Overdubbing Question

I have looked through many of the posts that sound similar to this, but I don’t think I am asking the same question.

I have recorded my backing tracks and want to add a vocal track. I have the “play other tracks while recording new one” selected, and using headphones, I can listen to the backing tracks while I sing along and record a new track, but I can’t hear what I am singing in the headphones. All I hear is the part “inside my head” so to speak which is not a good way to monitor your own singing. If I was to run the playback into the mixer and out to speakers I could hear both my vocal channel and the playback, but then would re-record the playback in my microphone, wouldn’t I??? What am I missing?

Thanks, Mike

It’s not a bad way as long as you keep the headphone volume down to a reasonable level. A lot of singers have only one side of their headphones over one ear, so that they can hear “acoustically” with the other ear.

If you are using a USB microphone, then you are stuck with what you’ve got.

If you are using a conventional microphone, then it depends on your set-up.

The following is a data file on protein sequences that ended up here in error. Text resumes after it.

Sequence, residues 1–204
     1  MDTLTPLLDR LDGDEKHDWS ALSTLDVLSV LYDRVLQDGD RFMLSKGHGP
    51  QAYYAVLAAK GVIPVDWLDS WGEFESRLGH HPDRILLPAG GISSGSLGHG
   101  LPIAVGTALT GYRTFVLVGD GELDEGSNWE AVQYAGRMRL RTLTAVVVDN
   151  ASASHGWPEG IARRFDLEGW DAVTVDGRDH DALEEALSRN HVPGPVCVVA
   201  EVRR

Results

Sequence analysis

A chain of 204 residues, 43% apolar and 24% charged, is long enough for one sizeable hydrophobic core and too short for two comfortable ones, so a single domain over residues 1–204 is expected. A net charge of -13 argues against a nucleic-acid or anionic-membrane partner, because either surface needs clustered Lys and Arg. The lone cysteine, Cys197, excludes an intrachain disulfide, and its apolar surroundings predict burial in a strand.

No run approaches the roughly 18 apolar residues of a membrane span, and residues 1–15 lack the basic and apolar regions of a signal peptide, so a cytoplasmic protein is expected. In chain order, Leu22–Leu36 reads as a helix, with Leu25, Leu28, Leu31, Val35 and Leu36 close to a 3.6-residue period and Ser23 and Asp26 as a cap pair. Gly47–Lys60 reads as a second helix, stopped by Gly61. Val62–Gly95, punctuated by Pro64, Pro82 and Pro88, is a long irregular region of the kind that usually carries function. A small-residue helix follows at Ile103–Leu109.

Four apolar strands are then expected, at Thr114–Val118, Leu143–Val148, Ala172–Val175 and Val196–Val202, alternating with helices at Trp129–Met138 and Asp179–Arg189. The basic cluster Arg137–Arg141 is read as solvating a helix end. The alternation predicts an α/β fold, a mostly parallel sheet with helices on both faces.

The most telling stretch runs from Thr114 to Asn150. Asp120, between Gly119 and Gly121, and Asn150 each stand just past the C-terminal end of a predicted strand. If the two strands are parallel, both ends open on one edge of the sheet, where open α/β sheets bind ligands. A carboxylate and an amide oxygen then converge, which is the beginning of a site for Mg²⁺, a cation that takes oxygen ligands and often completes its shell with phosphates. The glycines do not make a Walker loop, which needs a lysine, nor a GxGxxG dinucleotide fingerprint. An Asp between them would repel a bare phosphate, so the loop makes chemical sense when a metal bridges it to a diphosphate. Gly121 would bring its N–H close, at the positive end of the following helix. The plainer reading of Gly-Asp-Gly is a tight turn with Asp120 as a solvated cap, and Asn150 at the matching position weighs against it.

If you are using a mixing desk (mixing console) then monitor from the desk.

If you have a microphone directly plugged into the sound card then use the Windows Mixer or the sound cards control panel (look for a loudspeaker icon near the clock) to enable playback of the microphone input.

Do not select “software playthrough” in Audacity as you will hear the input with a long delay (half a second or so) before the sound comes out.

One of those may work. I have not been able to find a way to turn the mic on using the sound card control panel and also hear the playback. (Windows Vista - Realtek sound card).

The problem with hearing “in your head” or sticking your finger in your ear ala The Bee Gees, is you tend to get a flat pitch reference that way. Not to mention low volume.

The grown-ups use a small sound mixer. You might be able to send “Mix Out” or some such to the speakers/headphones. The Windows Sound Control Panels are a thing of wonderment.

That will give you perfect live performance characteristics, but a vocal track that you must slide around to get it back in rhythm. Some part of the performance will always be “one computer” late.

Unless you’re not trying to use one computer for all the tasks…see: sound mixer.


Thanks for that - I too found that the delay on software playthrough was both off-putting and unhelpful. I decided to do it without monitoring, but next time I will try your suggestions